The very first website was nxoc01.cern.ch running on a NeXT computer at CERN, and the very first web page was http://nxoc01.cern.ch/hypertext /WWW/TheProject.html. It was first put online on 6 August 1991. This website does not exist today.

The only people who actually had web browser software were Berners-Lee and his colleagues at CERN. Yes, Sir Timothy John Tim Berners-Lee(TimBL) published the first-ever website. He is a British computer scientist, MIT professor and the inventor of the World Wide Web. He is also the founder of the World Wide Web (WWW) Foundation.

While making the First website, CERN physicists had an idea to connect hypertext with the Internet and personal computers, thereby having a single information network to help them share all the computer-stored information at the laboratory. The first website served up a page explaining the World Wide Web project and giving information on how users can create their own websites and web pages and how a user could setup a web server and, as well as how they could search the web for information. The URL for the first ever web page put up on the first ever website was http://info.cern.ch/hypertext/WWW/TheProject.html. Unfortunately, nobody bothered to make a copy of this original page and this link is no longer active. This link is tended to be updated daily. The earliest version of it that was recorded was in 1992.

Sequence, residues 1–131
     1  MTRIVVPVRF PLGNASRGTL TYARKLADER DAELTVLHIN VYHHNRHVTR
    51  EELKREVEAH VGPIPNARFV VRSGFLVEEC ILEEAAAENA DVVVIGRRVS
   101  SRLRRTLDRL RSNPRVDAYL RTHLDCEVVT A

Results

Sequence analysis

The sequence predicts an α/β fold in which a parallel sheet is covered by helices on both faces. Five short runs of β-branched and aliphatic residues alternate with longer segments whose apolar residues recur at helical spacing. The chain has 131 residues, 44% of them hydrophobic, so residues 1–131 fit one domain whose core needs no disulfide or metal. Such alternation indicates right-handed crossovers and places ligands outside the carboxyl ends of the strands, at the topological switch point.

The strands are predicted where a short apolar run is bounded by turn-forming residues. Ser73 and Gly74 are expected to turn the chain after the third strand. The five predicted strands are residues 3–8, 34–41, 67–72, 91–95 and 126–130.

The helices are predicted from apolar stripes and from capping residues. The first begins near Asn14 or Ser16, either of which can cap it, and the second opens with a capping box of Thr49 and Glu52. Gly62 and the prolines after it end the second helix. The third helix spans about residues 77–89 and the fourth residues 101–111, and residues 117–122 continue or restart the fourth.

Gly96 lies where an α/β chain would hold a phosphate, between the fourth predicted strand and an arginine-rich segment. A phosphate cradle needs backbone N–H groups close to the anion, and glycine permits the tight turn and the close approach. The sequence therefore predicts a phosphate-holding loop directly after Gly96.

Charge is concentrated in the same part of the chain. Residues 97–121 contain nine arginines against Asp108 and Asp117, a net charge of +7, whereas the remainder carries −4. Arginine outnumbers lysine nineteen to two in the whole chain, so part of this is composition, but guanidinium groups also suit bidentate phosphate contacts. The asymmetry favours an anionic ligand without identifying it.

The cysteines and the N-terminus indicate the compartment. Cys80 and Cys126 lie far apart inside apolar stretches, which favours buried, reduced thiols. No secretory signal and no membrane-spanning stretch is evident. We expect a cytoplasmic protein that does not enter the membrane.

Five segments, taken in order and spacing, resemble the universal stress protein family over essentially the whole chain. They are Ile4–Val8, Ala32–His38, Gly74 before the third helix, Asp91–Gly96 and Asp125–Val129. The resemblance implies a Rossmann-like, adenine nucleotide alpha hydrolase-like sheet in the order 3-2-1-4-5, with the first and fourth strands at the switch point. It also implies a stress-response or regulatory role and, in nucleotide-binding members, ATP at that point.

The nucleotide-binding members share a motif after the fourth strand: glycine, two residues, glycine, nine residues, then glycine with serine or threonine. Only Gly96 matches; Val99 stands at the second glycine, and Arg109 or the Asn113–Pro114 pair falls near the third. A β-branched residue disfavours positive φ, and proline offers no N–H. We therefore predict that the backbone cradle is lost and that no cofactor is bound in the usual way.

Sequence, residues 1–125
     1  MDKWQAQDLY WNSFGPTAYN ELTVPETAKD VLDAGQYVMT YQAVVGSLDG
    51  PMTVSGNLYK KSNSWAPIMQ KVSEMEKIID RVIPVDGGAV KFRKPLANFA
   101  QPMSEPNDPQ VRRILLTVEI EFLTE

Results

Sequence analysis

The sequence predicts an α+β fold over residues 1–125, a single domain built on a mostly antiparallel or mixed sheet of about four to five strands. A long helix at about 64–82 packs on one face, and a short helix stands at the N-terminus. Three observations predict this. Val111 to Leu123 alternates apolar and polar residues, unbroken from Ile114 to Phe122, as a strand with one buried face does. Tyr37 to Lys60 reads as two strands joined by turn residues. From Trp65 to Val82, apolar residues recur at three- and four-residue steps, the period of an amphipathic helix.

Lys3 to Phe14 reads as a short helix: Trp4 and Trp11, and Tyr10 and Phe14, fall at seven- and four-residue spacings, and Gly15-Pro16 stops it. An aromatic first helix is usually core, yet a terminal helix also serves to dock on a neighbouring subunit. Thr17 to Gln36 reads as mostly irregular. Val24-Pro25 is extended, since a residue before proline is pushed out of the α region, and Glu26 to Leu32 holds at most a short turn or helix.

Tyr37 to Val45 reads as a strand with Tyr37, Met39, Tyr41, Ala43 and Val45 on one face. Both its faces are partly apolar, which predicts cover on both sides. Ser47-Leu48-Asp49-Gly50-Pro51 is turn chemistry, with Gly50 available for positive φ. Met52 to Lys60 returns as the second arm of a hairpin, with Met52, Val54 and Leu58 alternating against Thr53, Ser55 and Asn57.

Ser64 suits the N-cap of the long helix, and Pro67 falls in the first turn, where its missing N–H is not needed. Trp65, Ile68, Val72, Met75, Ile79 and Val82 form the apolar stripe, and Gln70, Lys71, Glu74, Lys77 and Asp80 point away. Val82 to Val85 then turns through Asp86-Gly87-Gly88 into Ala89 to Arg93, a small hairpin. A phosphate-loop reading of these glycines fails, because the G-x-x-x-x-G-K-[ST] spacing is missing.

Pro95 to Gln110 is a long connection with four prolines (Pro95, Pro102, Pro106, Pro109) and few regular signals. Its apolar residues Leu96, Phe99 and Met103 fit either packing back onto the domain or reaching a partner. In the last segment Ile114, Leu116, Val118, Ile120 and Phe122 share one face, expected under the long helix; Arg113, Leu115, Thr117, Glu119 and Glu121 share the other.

The website created was the just basic one with connections by Hypertext only. During 1991 servers appeared in other institutions in Europe and in December 1991, the first server outside the continent was installed in the US at SLAC (Stanford Linear Accelerator Center). By November 1992, there were 26 servers in the world, and by October 1993 the figure had increased to over 200 known web servers.

Berners-Lee is the director of the World Wide Web Consortium (W3C), is also the founder of the World Wide Web Foundation, is a senior researcher and holder of the founders chair at the MIT Computer Science and Artificial Intelligence Laboratory (CSAIL), is a director of the Web Science Research Initiative (WSRI) and a member of the advisory board of the MIT Center for Collective Intelligence. In 2011, he was named as a member the board of trustees of the Ford Foundation.